AGAIN: NANFA-- native fish of northern California

Jay DeLong (
Fri, 8 Mar 2002 13:46:07 -0800

Below is Dan Logan's response to Chris' question about salvage:

-----Original Message-----
From: Dan Logan
Sent: Friday, March 08, 2002 11:31 AM
Subject: Re: FW: NANFA-- native fish of northern California

> > Also, the big State water projects in the Delta region frequently take
> > in fish necessitating salvage.
> I've seen this mentioned before. What is "salvage?" Is it stranded fish
> when dams are drawn down?

Salvage has many applications in fisheries.  Sometimes fish need to be
salvaged or rescued following dewatering events (dam building or repair,
bridge building or repair, etc.) and sometimes following unforeseen events
such as a chemical spill or dam failure or levee breaching.  My response to
Andy Allison about collecting fish at the Delta pumping plants is a horse of
a different color. I have attached two photographs.  The first
[$CliftonCourtForebay.jpg ] shows
the entrance to a large water diversion.  In the background of the
photograph, the viewer sees the Sacramento River/San Joaquin River Delta.
In the foreground of the photograph, the viewer sees the mega diversion of
water heading toward southern California.  I don't have an image that
illustrates scale better, but you can take my word that the diversion and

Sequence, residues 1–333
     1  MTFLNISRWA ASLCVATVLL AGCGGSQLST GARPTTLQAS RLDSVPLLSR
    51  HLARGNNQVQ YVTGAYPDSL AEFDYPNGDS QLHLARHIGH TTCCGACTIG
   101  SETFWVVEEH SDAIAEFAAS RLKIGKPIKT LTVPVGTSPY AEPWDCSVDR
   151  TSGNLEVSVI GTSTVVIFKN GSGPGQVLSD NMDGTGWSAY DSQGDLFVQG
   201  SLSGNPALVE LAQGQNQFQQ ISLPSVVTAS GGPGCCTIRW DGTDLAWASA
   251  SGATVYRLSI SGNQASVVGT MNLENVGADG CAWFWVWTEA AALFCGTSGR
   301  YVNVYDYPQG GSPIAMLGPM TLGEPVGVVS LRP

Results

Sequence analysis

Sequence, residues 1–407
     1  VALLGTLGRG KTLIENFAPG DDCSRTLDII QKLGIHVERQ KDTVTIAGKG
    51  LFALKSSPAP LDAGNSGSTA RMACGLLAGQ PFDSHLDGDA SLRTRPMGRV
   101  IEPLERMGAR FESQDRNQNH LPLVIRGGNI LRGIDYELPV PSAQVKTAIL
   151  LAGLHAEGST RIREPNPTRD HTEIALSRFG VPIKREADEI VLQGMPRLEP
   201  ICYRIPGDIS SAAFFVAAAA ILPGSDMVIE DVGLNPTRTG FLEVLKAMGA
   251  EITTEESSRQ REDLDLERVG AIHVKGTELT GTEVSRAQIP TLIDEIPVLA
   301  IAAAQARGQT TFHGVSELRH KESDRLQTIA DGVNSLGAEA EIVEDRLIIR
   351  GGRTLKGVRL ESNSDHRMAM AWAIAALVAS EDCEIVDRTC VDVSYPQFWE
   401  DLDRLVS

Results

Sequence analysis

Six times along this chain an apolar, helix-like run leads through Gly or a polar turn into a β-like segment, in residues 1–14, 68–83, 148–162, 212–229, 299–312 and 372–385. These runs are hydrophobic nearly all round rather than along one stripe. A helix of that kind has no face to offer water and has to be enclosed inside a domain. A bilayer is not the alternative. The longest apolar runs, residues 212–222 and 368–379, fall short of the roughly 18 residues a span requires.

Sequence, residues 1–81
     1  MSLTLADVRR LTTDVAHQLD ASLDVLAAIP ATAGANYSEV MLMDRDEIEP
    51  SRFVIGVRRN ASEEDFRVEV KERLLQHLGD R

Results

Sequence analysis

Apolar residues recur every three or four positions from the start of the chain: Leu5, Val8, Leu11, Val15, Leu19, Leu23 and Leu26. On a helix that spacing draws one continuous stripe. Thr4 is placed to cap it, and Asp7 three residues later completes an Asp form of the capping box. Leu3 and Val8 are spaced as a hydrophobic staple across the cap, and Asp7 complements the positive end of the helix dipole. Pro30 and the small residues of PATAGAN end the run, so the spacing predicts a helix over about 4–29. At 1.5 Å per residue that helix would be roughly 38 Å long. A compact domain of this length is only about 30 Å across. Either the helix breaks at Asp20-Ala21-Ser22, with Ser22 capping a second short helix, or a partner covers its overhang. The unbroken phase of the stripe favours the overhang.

the amount of water entrained in
the diversion are large.  At the headworks to the Clifton Court facility,
there are a series of giant louvered screens to reduce the number of fish
that entrained into the diversion canal.  At the screens, most of the fish
are shunted away from the diversion and returned to the Delta.  However the
louvered screens are "leaky" and so some fish do get entrained.  The second
[ ] shows a drum
screen from a smaller diversion; one gets the idea that these diversions and
screens are large.

As an aside, I have attached an interesting notice.  A co-worker is
recruiting volunteers to work on an invasive snail project in San Francisco
Bay. Please pass the notice on to the NANFA list.


I am looking for volunteers (approximately 24) to help with the survey of an
invasive marine intertidal snail (Littorina saxatilis, the rough periwinkle)
in the East Bay (Emeryville boat launch to San Leandro Bay).  The project is
with the Smithsonian and NOAA's Restoration Center.  No experience is
necessary (but always helpful) just a desire to learn and be part of the
ever growing invasive species problem.

The surveys will help determine the geographic range and density of
Littorina saxatilis.   Volunteers will learn how to conduct an intertidal
experiment, record data, and use a GPS.  I am looking for volunteers who can
commit to a couple of days a month during the last low tide cycle from April
to September.  I predict no more than eight hours a month and dates will be
chosen to coincide with the weekend if possible.  We hope to perform an
initial survey at the end of March so please direct any interested
volunteers to contact me at
707-575-6081 or

Thank you for you assistance.

Natalie Cosentino-Manning
Marine Ecologist/Restoration Specialist
National Marine Fisheries Service
Habitat Conservation Division/SWR
Damage Assessment and Restoration Program



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